Will JetBlue expand to Europe? It's not clear. There are some strong reasons for, and some strong reasons against. The good news: The airline plans to share its decision at some point this year.
JetBlue Airways has a transcontinental premium product customers like, and one it has proven it can deliver at a low cost, and with reasonable fares. So it’s obvious the airline should expand to transatlantic routes, where roundtrip business class fares can top $8,000, right?
Not exactly. As I wrote on Monday, JetBlue’s decision about whether to fly from Boston and New York to Europe is more complicated than it may appear. While its core customers are cheering it on, JetBlue faces several potential issues, including increased competition, aircraft range, and airport access. JetBlue is now weighing whether the advantages outweigh the drawbacks.
The good news is the analysis is almost over. JetBlue has promised its employees it will have more to share this year. That timing makes sense, because JetBlue must inform Airbus whether it wants to convert an existing order into the new A321LR, or long-range, aircraft.
My guess is that JetBlue will go for it. My rationale is simple. The airline’s top executives have been talking for two years about Europe to media and analysts. Had they been unsure, wouldn’t they have deliberated in private?
But who knows. JetBlue could also stick with flying in the Americas, where competition is more forgiving and where it does not need a new long-range airplane.
What do you think? Is JetBlue expanding to Europe?
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Japan Rolls Out New Departure Tax Opposed by Airlines: Japan has a new departure tax equal to about USD$9. “We are disappointed that the Japanese government decided to proceed with the tourism tax, which took effect this month,” an IATA spokesman said. Understandably, airlines opposed the tax, but I’m not sure it will affect demand. Our Asia Editor Raini Hamdi has a full report.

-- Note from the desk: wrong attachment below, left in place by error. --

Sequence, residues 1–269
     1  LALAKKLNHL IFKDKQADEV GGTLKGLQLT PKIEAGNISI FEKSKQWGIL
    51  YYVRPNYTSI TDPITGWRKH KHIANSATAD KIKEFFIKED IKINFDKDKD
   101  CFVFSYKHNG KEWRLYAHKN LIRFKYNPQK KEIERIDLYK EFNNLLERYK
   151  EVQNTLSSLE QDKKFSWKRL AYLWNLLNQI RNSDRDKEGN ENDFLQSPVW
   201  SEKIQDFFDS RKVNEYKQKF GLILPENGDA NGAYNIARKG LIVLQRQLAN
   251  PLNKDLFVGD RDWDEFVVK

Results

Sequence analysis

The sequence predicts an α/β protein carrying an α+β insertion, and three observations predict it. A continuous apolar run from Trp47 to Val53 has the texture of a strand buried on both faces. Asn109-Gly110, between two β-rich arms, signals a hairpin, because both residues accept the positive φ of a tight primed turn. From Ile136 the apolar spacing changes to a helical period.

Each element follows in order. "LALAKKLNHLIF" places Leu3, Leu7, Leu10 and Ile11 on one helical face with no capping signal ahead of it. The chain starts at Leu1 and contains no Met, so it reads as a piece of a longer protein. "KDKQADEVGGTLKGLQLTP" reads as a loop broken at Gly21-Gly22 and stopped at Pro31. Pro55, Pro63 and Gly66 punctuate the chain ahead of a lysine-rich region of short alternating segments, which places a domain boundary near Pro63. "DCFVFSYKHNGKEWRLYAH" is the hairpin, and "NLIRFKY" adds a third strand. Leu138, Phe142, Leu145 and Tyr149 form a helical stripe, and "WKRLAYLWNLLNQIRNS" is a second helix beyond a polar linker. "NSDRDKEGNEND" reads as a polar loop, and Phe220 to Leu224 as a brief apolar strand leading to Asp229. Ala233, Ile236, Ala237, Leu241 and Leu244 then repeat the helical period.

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Join Us On The Next Skift Call?
You’re hearing a lot of doomsday forecasts for 2019. Global recession. Stock market rout. Runaway inflation.
But my brilliant colleagues on Skift’s research team have analyzed 2019 trends, and they see things differently, at least for travel.
“We expect solid economic growth in 2019 should bode well for travel,” they wrote in a recent report. “We forecast international arrivals to reach a new all-time high and for travel and tourism to continue to contribute positively to the global GDP.”
Maybe you believe them. Maybe you don’t. But Skift researchers Rebecca Stone and Seth Borko, along with Executive Editor Dennis Schaal, will play host to a free conference call with readers at 1 p.m. EST on Wednesday, Jan. 16 to discuss their findings. They’ll share slides and set aside time for audience Q&A.
You should join them. You can sign up on Skift’s website.
Skift Senior Aviation Business Editor Brian Sumers [[email protected]] curates the Skift Airline Innovation Report. Skift emails the newsletter every Wednesday. Have a story idea? Or a juicy news tip? Want to share a memo? Send him an email or tweet him.
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Photo credit: JetBlue Airways will make an announcement this year about whether it will take a long-range version of the Airbus A321 pictured here. If it does, it likely will fly to Europe. JetBlue Airways